The opening evening of the QNHG was packed – far more people showed up than ever before. My estimate was at least 200. Some attributed this to fact that the newsletter was produced in full color for the first time, a sample of which is presented with this posting. The new chair, Renee Hughes, gave a very nice, appropriately timed power point presentation touching on many of the interesting flora, fauna and inorganic points of interest (e.g., rock carvings), and introducing us to the possibilities of sights to be seen. I was able to purchase a copy of Discovering Qatar from the author, Frances Gillespie, who has lived in Qatar for over twenty years. From the foreward penned by Dr. Mahammed Saleh al Sada ( Managing Director, Rasgas Company Limited), “Qatar is a land of many secrets and ecological delights. From the air, first impressions of the peninsula are of a flat, barren, sandy desert surrounded by shallow seas. But the territory, both marine and terrestial, is of great scientific beauty and interest. Aspects of its abundant and fascinating topography, geology, fauna and vegetation all find a deserved place within these pages.”

The images at the top of the post are of the desert, a sea slug, whose "unlovely English name ... does does not do justice to these soft-bodied marine molluscs, which are among the most beautiful and brilliantly coloured denizens of the ocean," the Al Zubara Fort, North West Qatar, and an oryx. More on the Arabian Oryx: the once near-extinct Arabian Oryx now live and breed in protected herds on a farm located in Shahaniya. These social antelopes graze on the sparse vegetation offered by the arid Arabian peninsula and use their large horns as weapons of self-defense against enemies. This graceful white animal is believed to be the basis of the legend of the unicorn and is featured prominently on the tails of all Qatar Airways aircraft. [Seen from the side, the two horns appear as one.] Source :

As you will note from the excerpts of the newsletter I have included, this group offers a full and interesting program. A long-time dear friend, to whom I had sent a full copy of the newsletter, wrote:
Omigod! Do you know what envy this nourishes in me?! What a spectacular group for you to join! I couldn't be more pleased for you, Susan. It's as though somebody back in 1978 said, OK, Lukesh will be here in about 20 years, give or take, let's get the absolutely right organization in place, buff off the rough edges, and have it ready for her. "Joy?" Oh, I think so.

From the Newsletter

Qatar Natural History Group (QNHG) was founded in November 1978 to 'bring together people with an interest in the natural history of Qatar and the Gulf', and the inaugural meeting was held in the grounds of the National Museum. Celebrations were held in the same place to mark the Group's 20th and 25th anniversaries, and next year sees the 30th anniversary of the Group. The QNHG has an international membership. Its annual subscription of QR 30 per adult (including any children under the age of 18) is the lowest of any of the natural history groups in the Arabian Gulf states. Its interests cover not only all aspects of natural history but also the culture, history and archaeology of Qatar, and talks are sometimes given on other places of interest to members. Meetings take place between October and June, usually on the first Wednesday of the month. They are held at 7.30 pm in the gymnasium of the Doha English Speaking School. An illustrated talk follows the announcements, and there is a small lending library of books available to members.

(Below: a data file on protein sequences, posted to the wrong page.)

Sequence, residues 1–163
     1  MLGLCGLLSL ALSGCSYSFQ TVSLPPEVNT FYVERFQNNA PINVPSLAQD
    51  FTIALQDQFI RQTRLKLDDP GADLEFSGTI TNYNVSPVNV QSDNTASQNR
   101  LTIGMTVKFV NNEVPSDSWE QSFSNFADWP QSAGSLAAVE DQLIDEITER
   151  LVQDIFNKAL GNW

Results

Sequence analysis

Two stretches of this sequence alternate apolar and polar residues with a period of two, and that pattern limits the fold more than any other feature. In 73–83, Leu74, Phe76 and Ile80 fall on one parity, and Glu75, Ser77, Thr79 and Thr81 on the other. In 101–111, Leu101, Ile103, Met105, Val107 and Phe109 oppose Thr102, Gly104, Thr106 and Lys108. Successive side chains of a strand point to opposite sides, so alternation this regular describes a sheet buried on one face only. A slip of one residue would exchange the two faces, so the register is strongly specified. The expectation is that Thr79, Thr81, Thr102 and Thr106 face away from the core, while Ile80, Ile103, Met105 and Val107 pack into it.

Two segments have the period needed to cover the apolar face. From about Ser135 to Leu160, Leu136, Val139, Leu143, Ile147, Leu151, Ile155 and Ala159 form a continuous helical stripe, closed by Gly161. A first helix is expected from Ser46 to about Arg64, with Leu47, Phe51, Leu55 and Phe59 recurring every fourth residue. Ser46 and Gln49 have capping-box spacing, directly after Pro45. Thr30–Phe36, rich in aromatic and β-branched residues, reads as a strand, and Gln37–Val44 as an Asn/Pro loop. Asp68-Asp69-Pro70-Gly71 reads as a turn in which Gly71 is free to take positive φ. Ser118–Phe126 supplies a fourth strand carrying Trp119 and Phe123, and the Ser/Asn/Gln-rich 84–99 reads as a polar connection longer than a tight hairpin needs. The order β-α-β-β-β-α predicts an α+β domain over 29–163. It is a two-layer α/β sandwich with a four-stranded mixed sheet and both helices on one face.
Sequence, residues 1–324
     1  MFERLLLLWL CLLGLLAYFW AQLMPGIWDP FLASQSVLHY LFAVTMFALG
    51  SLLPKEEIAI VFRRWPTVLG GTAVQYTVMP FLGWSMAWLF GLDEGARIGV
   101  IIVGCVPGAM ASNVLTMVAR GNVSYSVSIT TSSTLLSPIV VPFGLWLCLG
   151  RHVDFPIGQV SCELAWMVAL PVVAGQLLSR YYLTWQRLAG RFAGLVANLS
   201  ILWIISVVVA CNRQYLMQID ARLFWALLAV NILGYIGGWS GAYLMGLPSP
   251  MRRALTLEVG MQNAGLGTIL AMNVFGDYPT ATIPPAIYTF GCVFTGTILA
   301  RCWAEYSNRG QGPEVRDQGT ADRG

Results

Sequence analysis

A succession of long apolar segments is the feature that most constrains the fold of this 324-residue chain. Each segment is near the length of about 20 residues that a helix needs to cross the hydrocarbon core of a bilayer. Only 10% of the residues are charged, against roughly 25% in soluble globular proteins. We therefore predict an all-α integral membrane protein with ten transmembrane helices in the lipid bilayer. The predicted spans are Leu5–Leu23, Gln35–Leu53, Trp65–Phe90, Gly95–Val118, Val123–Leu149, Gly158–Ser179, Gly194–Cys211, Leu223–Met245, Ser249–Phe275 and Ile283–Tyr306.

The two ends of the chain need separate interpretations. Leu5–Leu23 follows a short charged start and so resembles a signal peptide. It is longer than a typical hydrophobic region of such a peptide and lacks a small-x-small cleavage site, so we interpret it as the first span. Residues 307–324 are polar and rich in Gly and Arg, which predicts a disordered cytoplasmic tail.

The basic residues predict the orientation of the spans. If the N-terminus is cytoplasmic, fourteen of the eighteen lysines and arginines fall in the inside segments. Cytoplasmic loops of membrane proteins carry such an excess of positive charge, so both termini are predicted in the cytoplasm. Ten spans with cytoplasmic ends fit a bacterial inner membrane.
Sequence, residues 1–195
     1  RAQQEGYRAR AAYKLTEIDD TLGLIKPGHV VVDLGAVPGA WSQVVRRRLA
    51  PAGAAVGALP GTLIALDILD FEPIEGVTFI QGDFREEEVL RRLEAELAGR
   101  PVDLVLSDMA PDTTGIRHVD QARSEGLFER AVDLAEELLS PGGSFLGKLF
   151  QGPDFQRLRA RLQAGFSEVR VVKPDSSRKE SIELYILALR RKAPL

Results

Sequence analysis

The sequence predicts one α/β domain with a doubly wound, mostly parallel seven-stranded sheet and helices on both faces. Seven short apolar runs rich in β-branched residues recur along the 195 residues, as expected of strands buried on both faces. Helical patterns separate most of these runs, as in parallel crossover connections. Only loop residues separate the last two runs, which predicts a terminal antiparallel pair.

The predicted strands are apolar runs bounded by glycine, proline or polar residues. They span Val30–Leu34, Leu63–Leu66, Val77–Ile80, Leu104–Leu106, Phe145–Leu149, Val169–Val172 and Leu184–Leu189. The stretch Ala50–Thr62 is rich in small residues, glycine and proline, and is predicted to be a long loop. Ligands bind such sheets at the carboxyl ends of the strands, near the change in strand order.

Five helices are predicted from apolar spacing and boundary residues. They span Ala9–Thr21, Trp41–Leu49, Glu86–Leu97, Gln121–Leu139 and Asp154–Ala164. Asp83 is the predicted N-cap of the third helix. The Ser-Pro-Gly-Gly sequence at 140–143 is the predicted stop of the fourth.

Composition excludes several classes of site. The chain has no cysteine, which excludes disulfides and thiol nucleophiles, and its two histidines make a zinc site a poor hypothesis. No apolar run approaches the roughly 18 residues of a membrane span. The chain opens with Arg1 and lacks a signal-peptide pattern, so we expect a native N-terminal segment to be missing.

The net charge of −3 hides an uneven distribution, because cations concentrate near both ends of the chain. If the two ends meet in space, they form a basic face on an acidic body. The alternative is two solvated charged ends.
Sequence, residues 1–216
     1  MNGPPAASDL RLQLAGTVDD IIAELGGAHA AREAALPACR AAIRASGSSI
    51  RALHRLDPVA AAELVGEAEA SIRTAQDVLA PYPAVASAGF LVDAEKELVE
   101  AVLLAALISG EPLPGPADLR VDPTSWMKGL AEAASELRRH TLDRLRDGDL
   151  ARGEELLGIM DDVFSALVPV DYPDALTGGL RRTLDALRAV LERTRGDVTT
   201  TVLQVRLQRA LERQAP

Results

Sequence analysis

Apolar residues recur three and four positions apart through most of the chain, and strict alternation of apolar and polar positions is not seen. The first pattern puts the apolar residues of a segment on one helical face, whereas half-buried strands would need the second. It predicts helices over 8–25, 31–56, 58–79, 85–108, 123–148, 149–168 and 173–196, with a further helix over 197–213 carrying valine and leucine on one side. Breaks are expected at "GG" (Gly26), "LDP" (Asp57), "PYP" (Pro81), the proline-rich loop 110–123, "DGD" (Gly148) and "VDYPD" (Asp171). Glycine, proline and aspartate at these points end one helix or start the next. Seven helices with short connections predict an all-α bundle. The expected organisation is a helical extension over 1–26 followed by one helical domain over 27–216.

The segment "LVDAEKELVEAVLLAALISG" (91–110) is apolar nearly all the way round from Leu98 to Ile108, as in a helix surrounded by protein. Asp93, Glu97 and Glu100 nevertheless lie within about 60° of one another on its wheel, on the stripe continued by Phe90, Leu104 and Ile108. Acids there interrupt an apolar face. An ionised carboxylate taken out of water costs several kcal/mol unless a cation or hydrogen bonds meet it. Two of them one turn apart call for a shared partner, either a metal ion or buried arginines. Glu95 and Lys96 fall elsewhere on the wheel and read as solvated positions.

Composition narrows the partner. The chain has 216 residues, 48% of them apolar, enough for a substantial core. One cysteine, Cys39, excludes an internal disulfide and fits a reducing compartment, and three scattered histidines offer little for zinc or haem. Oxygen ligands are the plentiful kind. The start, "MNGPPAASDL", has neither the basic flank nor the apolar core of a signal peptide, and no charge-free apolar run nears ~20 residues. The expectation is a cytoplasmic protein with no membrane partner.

There is a field trip on the last Friday of each month to places of interest around Qatar. The trips are usually led by people who have some knowledge of a particular region or subject, e.g. amateur or professional geologists, botanists, archaeologists and so on. There are also camping trips and star-gazing expeditions from time to time. ... There are a number of 'sub-Groups' within the main organisation, depending on who volunteers to organise them! One of the most popular is the Ramblers Group which goes out and about on Friday mornings. Members can indicate on their membership form which of the activities they are interested in, and their names will then be added to the e-mail lists for those sub-groups. In recent years there have been various overseas trips per year during the long Eid breaks, organised with the help of local travel agents. These have included visits to Syria, Iran, Egypt, Morocco, Tunisia, Sri Lanka, India, Kenya and Turkey, and have proved highly popular.

2007/2008 Tentative Field Trip List

Northern Forts. Al Zubara, Al Rekayat and other forts of NW Qatar. October 26th. _
Shark teeth. Fossil shark teeth of Eocene Midra Shale, SW Qatar. November 30th.
Starry Night. Barbecue, Christmas carols at Singing Dunes bonfire. December 21st.
Sheik Faisal's Museum - and walk in the gardens afterwards. December 28th.
Camel Track & Oryx farm in Al Sheehaniya. January 25th.
Camping out. Green fields of Western Qatar, campfire, watching stars. February 29th.
Jazirat Um Tais National Park. Tidal flats and barrier island. Geology and biology. March 28th.
Inland Sea. Through the dunes to the Inland Sea. Swim and have fun. April 25th.
Boat trip. Anchor at exotic beach, swim, snorkel, play and have fun. May 30th

I hope to be on all these trips, excepting the December Starry Night, when I will be in London visiting friends. I expect to take pictures and share.